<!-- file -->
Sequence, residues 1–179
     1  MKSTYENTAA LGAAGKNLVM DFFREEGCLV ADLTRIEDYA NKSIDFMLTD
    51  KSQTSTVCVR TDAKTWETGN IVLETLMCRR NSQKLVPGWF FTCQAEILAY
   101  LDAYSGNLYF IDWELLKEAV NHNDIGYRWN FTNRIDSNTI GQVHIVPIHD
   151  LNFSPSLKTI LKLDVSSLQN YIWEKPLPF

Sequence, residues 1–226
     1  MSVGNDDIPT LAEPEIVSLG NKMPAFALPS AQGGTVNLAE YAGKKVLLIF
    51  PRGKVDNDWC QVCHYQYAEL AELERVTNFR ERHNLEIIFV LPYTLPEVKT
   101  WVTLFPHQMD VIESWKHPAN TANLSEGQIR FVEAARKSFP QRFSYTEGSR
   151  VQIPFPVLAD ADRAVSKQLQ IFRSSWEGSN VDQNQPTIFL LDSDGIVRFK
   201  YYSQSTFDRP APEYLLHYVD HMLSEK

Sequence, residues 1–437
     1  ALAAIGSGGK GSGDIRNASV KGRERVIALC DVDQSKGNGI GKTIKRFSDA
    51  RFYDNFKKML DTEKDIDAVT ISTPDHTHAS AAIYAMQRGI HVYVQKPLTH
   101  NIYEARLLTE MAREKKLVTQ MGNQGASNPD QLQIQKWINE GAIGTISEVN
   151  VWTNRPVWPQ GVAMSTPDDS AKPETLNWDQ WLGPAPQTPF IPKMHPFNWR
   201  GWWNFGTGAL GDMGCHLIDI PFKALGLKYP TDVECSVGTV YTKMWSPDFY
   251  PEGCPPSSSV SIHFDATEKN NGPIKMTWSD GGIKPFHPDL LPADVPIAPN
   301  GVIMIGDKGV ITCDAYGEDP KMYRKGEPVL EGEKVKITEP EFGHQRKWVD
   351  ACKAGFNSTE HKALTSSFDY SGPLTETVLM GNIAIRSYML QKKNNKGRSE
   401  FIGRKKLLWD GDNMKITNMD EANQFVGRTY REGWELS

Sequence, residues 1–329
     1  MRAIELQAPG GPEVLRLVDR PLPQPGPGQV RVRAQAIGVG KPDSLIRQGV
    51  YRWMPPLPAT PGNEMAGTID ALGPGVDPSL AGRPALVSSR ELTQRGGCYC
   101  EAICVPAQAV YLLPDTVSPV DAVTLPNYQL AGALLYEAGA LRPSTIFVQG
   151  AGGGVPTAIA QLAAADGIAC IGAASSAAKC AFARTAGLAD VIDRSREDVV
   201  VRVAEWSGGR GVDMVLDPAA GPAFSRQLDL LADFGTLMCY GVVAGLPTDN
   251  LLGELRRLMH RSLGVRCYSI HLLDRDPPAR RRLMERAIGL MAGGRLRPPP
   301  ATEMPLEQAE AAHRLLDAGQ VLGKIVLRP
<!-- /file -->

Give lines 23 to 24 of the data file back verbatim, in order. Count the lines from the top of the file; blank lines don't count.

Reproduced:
     1  MRAIELQAPG GPEVLRLVDR PLPQPGPGQV RVRAQAIGVG KPDSLIRQGV
    51  YRWMPPLPAT PGNEMAGTID ALGPGVDPSL AGRPALVSSR ELTQRGGCYC